Carlos Sainz Toro Rosso racer It’s 1986, for one reason: my car was not as good as the Williams-Honda. I had a good team-mate, Keke Rosberg, and this championship was a really good example of how you can optimise almost everything with the team and drivers and we ¿nished by winning the title.

– twenty-¿ve years later. Just because I had to change gear in a different way. And because I was sitting further forward, I really had my feet in the middle of the suspension, so I had much less space. But I can understand that some people like Nigel [Mansell], who was 75 kilos, sometimes had a disadvantage. But that is our sport [laughs]. Is it true that when you were at Williams in 1993, the team had an option on Senna and you refused to let them take it up, so they couldn’t have Prost and Senna at Williams at the same time? Emerson Fittipaldi F1 world champion in 1972 and 1974 No, not true. The truth is that when I signed the contract with Frank [Williams], it was a threeyear contract and I said to him: “I don’t want

F1 Racing February 2017



F1R: It’s all that cycling. AP: People who work in Formula 1 know that weight has always been an advantage. I remember testing with McLaren and Ferrari and there were some places where even a ten or 15 kilo increase didn’t make any difference. Today, if you do that, you’re an idiot, because the whole car is so optimised. Extra weight makes a much bigger difference. The advantage I had from being small wasn’t always so great. I remember one year at McLaren, with the gears here [Prost makes a ¿st from his right hand and raises it in front


to be number one, I don’t care, I’ve never been number one in a team. The only thing – which I’m sure you understand – is that I want to ¿ght

Americans, Indians… I sometimes found the

against Ayrton, because he is The Man. But I

drivers did not manage to do the right thing to

will never accept Ayrton in my team any more.” And he said: “Yeah, no problem, we understand

become a top Formula 1 driver in this kind of environment. Having said that, for sure Didier

that.” So I signed the contract saying that I’m

Pironi deserved to be world champion at Ferrari.

not number one, but that Senna cannot be with me. But during the season we were pushed by

It’s a question of mentality, of managing the people inside. It’s almost a closed world that you

Why did you come back in 1993 and did you feel sure that you would win the world championship?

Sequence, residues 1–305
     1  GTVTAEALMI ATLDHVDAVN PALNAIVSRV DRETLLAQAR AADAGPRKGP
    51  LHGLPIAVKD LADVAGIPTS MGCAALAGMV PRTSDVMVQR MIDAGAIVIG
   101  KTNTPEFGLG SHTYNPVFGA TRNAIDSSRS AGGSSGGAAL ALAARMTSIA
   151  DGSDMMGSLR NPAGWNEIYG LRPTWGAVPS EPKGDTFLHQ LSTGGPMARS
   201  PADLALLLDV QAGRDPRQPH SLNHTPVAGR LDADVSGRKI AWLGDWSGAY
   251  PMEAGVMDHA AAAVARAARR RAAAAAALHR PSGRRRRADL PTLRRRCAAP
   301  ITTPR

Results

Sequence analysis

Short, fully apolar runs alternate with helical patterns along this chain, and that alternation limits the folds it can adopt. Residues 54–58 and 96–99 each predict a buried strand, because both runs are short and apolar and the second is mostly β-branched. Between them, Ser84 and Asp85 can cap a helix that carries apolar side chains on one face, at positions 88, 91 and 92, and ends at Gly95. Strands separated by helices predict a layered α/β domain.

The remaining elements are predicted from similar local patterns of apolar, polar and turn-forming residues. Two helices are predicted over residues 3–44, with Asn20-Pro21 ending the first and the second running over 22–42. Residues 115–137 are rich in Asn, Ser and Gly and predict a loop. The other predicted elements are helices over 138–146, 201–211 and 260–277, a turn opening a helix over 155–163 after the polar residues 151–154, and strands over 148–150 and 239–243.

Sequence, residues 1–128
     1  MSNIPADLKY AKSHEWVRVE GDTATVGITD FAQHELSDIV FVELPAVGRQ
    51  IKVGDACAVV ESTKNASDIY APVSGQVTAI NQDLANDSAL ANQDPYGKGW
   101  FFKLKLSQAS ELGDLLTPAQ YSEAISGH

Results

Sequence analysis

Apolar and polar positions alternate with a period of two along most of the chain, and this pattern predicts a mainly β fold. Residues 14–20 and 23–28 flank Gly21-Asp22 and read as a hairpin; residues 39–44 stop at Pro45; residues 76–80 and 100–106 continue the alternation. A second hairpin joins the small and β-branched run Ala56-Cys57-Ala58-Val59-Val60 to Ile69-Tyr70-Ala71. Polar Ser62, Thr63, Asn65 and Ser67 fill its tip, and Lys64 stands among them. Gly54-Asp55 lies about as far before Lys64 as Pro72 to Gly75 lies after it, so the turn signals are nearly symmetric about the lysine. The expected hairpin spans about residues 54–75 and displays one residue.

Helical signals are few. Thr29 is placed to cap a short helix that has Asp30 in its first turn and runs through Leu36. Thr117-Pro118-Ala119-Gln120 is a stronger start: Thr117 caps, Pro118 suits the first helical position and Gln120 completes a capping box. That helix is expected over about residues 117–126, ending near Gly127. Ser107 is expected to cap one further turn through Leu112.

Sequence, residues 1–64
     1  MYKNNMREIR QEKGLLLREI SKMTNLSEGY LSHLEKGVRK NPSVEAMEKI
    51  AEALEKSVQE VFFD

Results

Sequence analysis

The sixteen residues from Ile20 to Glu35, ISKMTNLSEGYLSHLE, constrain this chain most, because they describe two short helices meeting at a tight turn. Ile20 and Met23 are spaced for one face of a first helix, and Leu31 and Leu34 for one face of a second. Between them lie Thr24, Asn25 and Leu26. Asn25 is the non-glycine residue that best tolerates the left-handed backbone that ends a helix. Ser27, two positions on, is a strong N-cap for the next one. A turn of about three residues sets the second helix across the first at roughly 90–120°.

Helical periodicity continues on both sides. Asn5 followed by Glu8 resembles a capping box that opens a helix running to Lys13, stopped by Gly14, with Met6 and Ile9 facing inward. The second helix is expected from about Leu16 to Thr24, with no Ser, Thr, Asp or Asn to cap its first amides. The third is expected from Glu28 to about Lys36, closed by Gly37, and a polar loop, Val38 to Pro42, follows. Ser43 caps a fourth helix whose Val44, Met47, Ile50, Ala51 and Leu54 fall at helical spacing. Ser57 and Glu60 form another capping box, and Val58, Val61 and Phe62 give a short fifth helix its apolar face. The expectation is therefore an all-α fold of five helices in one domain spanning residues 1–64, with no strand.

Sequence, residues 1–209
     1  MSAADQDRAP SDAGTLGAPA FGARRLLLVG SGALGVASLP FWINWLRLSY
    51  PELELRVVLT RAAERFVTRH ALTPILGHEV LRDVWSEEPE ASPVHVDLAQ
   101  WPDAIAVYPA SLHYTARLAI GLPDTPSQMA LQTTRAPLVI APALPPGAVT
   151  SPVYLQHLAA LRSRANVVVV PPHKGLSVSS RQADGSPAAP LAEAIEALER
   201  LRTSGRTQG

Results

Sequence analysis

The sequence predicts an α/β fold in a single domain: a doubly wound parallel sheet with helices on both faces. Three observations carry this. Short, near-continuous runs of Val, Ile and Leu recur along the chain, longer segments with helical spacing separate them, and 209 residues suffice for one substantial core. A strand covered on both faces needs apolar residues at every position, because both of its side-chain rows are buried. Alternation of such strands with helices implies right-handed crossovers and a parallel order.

[engine supplier] Renault, who wanted Ayrton.

have to get in. You have to be accepted. For me,

Romain Grosjean

Frank came to me, I remember very well – I was in the south of France, he came specially with

okay, I was a Frog [laughter] but they knew that I didn’t have the ‘Frog’ mentality.

Haas F1 racer

Japanese mentality dif¿cult, but it’s not a question of preference, and a lot of French

a private plane – to say: “Alain, I’m sorry, but I have a lot of pressure. I have pressure to have Ayrton in the team.” And I said: “No, you cannot

What were the most surprising things you learned when you changed career from

have my agreement to this, because that’s the key

racing driver to team owner?

of everything.”

Pat Symonds

Then, eventually, during August, I picked up the phone to Frank and said: “Okay, if you want

Former Williams chief technical of¿cer That’s a good question, because a lot of people

to have Ayrton, you take Ayrton, and I’ll retire. If I retire I want to have my contract paid for next year [1994]. If Ayrton wants to come, and it’s

think I was surprised – I was not surprised. The only thing I was surprised about was the dif¿culty of the politics in France. When you

going to be free for him, I want the money as if I was world champion.” And that’s how it was. I let him go; I’d had enough of this situation.

have a company in France, ¿rst of all you are

Frank Dernie [ex-F1 technical director] says that you were unbelievably quick when you tested the Ligier at the start of 1994. Was there any chance of you racing for them that year, and how competitive would you have been? Karun Chandhok Ex-HRT F1 racer and Channel 4 technical expert I think that was 1992, actually. I do remember the car was really good and the engine was good.


I was talking at the time to buy the team and be a driver and we did not manage to ¿nd the right package, for different reasons – not just ¿nancial but more political. And at that time I didn’t want to be only a driver. Why is it that no French driver has ever won a world title with a French team? [Prost, the only French Formula 1 world champion, won three titles with McLaren – in 1985, ’86 and ’89 – and one with Williams in 1993.] David Coulthard GP winner and Channel 4 F1 commentator Formula 1 is an environment that’s really English. The relationship between the English and French is sometimes dif¿cult, but when they’re working well, they work very well together. But it’s not that easy. Speaking for myself, I don’t feel French, I’ve never felt French and I think that’s why I was successful. But I really love working with the English, Japanese people, Germans, Italians,


F1 Racing February 2017

You know, I did not want to leave

competing against a lot of teams that are English, and you are not ¿ghting with the same rules. In

Ferrari in 1991. I had a proposition, I was talking at the time about being a driver and a sporting director at the

¿ve years with my own team, 95 per cent of my time was spent trying to ¿x all of these problems with the structure, taxes and everything and

same time and, for sure, there were a lot of politics. Nobody knows exactly what happened at Ferrari because it

¿nally trying to ¿nd sponsors. And I was not surprised at all by the work itself. Because I knew it would take a long time. It’s a shame, because

was absolutely unbelievable. I was ¿red only because of that and they only found the excuse of ‘the truck’ because